Chapter 33. Using MACsec to encrypt layer-2 traffic in the same physical network
This section describes how to configure MACsec for secure communication for all traffic on Ethernet links.
Media Access Control security (MACsec) is a layer 2 protocol that secures different traffic types over the Ethernet links including:
- dynamic host configuration protocol (DHCP)
- address resolution protocol (ARP)
Internet Protocol version 4 / 6 (
- any traffic over IP such as TCP or UDP
MACsec encrypts and authenticates all traffic in LANs, by default with the GCM-AES-128 algorithm, and uses a pre-shared key to establish the connection between the participant hosts. If you want to change the pre-shared key, you need to update the NM configuration on all hosts in the network that uses MACsec.
A MACsec connection uses an Ethernet device, such as an Ethernet network card, VLAN, or tunnel device, as parent. You can either set an IP configuration only on the MACsec device to communicate with other hosts only using the encrypted connection, or you can also set an IP configuration on the parent device. In the latter case, you can use the parent device to communicate with other hosts using an unencrypted connection and the MACsec device for encrypted connections.
MACsec does not require any special hardware. For example, you can use any switch, except if you want to encrypt traffic only between a host and a switch. In this scenario, the switch must also support MACsec.
In other words, there are 2 common methods to configure MACsec;
- host to host and
- host to switch then switch to other host(s)
You can use MACsec only between hosts that are in the same (physical or virtual) LAN.
The following example shows how to configure MACsec between 2 hosts using a pre-shared key.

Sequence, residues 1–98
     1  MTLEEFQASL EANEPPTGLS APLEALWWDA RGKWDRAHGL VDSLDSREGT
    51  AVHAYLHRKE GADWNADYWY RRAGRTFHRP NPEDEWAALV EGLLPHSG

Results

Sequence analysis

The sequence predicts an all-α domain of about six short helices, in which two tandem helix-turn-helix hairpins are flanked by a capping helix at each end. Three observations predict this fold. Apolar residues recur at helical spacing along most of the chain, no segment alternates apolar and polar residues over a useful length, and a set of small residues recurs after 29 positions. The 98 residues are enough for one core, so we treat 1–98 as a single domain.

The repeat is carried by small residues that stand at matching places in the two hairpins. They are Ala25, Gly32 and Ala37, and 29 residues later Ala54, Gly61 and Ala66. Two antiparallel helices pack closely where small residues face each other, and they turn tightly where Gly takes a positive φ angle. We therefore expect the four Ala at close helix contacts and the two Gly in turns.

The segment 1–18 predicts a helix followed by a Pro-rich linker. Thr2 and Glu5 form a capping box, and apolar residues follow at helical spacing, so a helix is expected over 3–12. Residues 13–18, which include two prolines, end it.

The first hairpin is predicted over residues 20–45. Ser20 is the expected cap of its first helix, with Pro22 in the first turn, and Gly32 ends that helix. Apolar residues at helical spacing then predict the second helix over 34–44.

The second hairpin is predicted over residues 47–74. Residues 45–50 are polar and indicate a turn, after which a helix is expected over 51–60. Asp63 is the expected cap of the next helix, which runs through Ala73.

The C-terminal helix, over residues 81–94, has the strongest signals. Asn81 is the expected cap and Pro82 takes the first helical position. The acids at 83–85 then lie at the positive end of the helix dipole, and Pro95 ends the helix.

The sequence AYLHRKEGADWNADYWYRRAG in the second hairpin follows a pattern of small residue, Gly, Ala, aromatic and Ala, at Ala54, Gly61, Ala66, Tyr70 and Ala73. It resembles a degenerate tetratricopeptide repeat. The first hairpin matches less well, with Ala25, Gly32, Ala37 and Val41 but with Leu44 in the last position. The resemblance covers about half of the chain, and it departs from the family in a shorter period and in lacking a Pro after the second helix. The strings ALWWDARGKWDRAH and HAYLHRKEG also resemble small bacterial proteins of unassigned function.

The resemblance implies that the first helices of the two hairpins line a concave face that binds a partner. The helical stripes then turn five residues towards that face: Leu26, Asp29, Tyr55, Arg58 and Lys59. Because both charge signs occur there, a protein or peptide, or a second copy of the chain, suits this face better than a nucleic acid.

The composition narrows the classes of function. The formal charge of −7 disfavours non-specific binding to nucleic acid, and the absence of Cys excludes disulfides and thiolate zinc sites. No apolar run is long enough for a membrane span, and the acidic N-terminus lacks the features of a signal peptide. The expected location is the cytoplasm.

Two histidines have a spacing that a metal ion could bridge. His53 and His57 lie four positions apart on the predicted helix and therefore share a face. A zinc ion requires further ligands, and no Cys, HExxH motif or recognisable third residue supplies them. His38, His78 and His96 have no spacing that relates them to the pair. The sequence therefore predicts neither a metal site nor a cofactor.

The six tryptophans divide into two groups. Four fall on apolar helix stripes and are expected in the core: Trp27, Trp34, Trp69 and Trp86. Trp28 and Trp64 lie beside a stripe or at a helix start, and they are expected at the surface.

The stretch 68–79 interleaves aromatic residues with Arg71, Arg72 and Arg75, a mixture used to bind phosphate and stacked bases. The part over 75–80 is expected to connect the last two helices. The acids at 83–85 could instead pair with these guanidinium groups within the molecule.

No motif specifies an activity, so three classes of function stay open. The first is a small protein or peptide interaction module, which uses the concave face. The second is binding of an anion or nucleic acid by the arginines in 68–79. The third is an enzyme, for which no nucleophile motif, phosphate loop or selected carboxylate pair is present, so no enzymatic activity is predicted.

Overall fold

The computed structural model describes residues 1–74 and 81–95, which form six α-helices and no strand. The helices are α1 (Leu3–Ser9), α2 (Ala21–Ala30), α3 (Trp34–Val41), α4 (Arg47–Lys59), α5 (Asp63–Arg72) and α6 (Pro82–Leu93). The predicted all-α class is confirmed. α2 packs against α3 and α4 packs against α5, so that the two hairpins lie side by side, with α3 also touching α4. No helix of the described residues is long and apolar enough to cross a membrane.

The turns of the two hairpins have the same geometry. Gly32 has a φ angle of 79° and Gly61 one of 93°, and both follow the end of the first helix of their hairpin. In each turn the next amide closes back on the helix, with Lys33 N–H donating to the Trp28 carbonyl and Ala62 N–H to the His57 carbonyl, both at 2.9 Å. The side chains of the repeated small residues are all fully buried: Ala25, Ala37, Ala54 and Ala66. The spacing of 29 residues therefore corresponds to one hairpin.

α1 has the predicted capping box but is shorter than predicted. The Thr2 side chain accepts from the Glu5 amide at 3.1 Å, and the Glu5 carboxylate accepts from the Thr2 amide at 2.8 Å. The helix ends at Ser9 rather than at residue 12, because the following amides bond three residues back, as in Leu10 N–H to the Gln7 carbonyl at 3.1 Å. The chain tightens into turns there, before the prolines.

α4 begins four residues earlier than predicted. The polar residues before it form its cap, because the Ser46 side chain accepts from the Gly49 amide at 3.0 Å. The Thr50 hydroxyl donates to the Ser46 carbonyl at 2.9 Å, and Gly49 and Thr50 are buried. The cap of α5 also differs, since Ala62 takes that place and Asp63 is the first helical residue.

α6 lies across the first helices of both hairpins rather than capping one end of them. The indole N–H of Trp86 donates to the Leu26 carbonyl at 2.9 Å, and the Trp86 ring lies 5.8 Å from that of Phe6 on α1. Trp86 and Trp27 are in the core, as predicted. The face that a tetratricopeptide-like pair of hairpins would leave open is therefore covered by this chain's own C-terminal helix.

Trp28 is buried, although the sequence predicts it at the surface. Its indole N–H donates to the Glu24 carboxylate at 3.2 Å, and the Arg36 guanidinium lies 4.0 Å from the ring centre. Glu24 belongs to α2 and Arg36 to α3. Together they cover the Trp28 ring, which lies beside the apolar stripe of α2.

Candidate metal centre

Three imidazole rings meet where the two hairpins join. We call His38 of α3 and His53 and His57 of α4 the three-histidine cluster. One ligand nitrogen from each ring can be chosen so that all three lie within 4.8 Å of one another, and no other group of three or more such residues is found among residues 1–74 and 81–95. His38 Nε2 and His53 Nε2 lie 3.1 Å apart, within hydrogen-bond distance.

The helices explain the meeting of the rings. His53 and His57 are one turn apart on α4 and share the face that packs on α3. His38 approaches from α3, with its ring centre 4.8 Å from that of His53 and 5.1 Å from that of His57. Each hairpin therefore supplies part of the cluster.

33.1. Configuring a MACsec connection using nmcli
You can configure Ethernet interfaces to use MACsec using the nmcli tool. This procedure describes how to create a MACsec connection that uses an Ethernet interface to encrypt the network traffic.
Run this procedure on all the hosts that should communicate in this MACsec-protected network.
On Host A:
On the first host on which you configure MACsec, create the connectivity association key (CAK) and connectivity-association key name (CKN) for the pre-shared key:
Create 16-byte hexadecimal CAK:
dd if=/dev/urandom count=16 bs=1 2> /dev/null | hexdump -e '1/2 "%04x"' 50b71a8ef0bd5751ea76de6d6c98c03a
Create 32-byte hexadecimal CKN:
dd if=/dev/urandom count=32 bs=1 2> /dev/null | hexdump -e '1/2 "%04x"' f2b4297d39da7330910a74abc0449feb45b5c0b9fc23df1430e1898fcf1c4550
On Host A and B:
Create the MACsec connection:
# nmcli connection add type macsec con-name macsec0 ifname macsec0 connection.autoconnect yes macsec.parent enp1s0 macsec.mode psk macsec.mka-cak 50b71a8ef0bd5751ea76de6d6c98c03a macsec.mka-ckn f2b4297d39da7330910a7abc0449feb45b5c0b9fc23df1430e1898fcf1c4550
Use the CAK and CKN generated in the previous step in the
macsec.mka-cknparameters. The values must be the same on every host in the MACsec-protected network.
Configure the IP settings on the MACsec connection.
IPv4settings. For example, to set a static
IPv4address, network mask, default gateway, and DNS server to the
nmcli connection modify macsec0 ipv4.method manual ipv4.addresses '192.0.2.1/24' ipv4.gateway '192.0.2.254' ipv4.dns '192.0.2.253'
IPv6settings. For example, to set a static
IPv6address, network mask, default gateway, and DNS server to the
nmcli connection modify macsec0 ipv6.method manual ipv6.addresses '2001:db8:1::1/32' ipv6.gateway '2001:db8:1::fffe' ipv6.dns '2001:db8:1::fffd'
Activate the connection:
# nmcli connection up macsec0
To verify the traffic is encrypted, enter:
tcpdump -nn -i enp1s0
To view the unencrypted traffic, enter:
tcpdump -nn -i macsec0
To display MACsec statistics:
# ip macsec show
To display individual counters for each type of protection: integrity-only (encrypt off) and encryption (encrypt on)
# ip -s macsec show
- For more information about MACsec and its architecture, see the MACsec: a different solution to encrypt network traffic blog.